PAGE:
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David Gaudu (FDJ)

With the list of previous winners including Miguel Indurain, Laurent Fignon, and Nairo Quintana, the Tour de l’Avenir is the under 23 race that perhaps provides the best indication of future stars.

Frenchman David Gaudu took victory in the 2016 edition of the race, and has already impressed some of his fellow countrymen.

“The clear one for us is the Frenchman who won the Tour de L’Avenir, David Gaudu,” said Romain Bardet (Ag2r La Mondiale), who took sixth place in the Tour de l’Avenir in 2010, and second in the Tour de France behind Chris Froome in 2016.

“He will be a climber to watch. I haven’t raced with him yet, but he has some proper good results in the amateur ranks. He clearly has big climbing abilities.”

Ruben Guerreiro (Trek-Segafredo) and Nuno Bico (Movistar)

Ruben Guerreiro at the 2017 Tour Down Under (Credit: Sunada)

Ruben Guerreiro (Trek-Segafredo) and Nuno Bico (Movistar) also debuted this season and rode the Volta ao Algarve – a home race for the two Portuguese.

Both were on team duties in that race, but Guerreiro was given some leadership duties his very first race as a professional at the Tour Down Under, where he took two top-tens in bunch sprints despite being more at home on rolling terrain.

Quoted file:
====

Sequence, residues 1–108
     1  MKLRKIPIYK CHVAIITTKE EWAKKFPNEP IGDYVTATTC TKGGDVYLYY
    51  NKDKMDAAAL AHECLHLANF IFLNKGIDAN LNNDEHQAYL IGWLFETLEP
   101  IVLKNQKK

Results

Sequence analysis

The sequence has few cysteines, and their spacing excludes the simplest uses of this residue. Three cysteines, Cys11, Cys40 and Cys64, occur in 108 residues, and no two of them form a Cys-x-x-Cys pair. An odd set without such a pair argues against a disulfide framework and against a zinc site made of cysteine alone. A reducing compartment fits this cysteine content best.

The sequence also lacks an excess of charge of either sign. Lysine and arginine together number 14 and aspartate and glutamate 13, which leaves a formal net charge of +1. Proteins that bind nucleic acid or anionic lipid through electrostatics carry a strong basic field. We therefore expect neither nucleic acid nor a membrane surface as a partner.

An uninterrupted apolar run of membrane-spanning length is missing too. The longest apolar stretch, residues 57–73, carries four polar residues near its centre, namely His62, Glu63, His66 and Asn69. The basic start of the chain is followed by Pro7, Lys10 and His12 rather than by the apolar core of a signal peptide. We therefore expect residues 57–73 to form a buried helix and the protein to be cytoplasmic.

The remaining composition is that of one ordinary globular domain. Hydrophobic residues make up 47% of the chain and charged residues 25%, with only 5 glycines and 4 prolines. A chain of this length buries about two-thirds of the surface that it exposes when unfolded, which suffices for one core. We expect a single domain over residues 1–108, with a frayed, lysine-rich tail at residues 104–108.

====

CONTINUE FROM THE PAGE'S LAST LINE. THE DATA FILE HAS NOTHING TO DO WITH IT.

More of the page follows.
As for Bico, he has achieved consistent results in lower level Spanish races for a number of years, and should prove a strong domestique for Movistar.

“We have many young riders coming up, but I want to talk about my Portuguese countrymen Ruben Guerreiro and Nuno Bico,” 2013 world champion Rui Costa (UAE Team Emirates) said.

“Guerreiro with Trek, he’s a great rider and you already saw that in the Tour Down Under. Those two riders can already be at the top in two to three years. There are another two or three, but I want to note those two.

“Guerreiro goes well over the climbs, he’s not that big, so he’s one for rolling terrain. Nuno Bico on Movistar goes strongly on the climbs and also on the flats, in the time trials. Keep an eye on them.”

Sam Oomen (Team Sunweb)

Sam Oomen riding for the Netherlands at the 2015 U23 World Championships (Credit: Sunada)

Like Gaviria, Sam Oomen is now in his second year as a professional and is starting to deliver pro-level results in line with his performances as an espoir.

A talented climber, Oomen rode some high level races last year, even managing a GC win at the Tour de l’Ain, and followed that up with a strong 15th place at the Ruta del Sol this year.

“Looking at the Dutchies, I’d say Sam Oomen, who rides for Sunweb,” explained Robert Gesink (LottoNL-Jumbo). “I saw him last year in Tour de l’Ain, he was pretty strong. He won it.

“He’s a climber, a small and tiny guy, but a good talent for the future. I expect him to develop a bit.”

“He has a big engine, it’s clear. If he develops and come to our team, then he can be a star! Maybe that’s my future, I can try to coach these riders. That could be my next objective, teaching the younger riders.”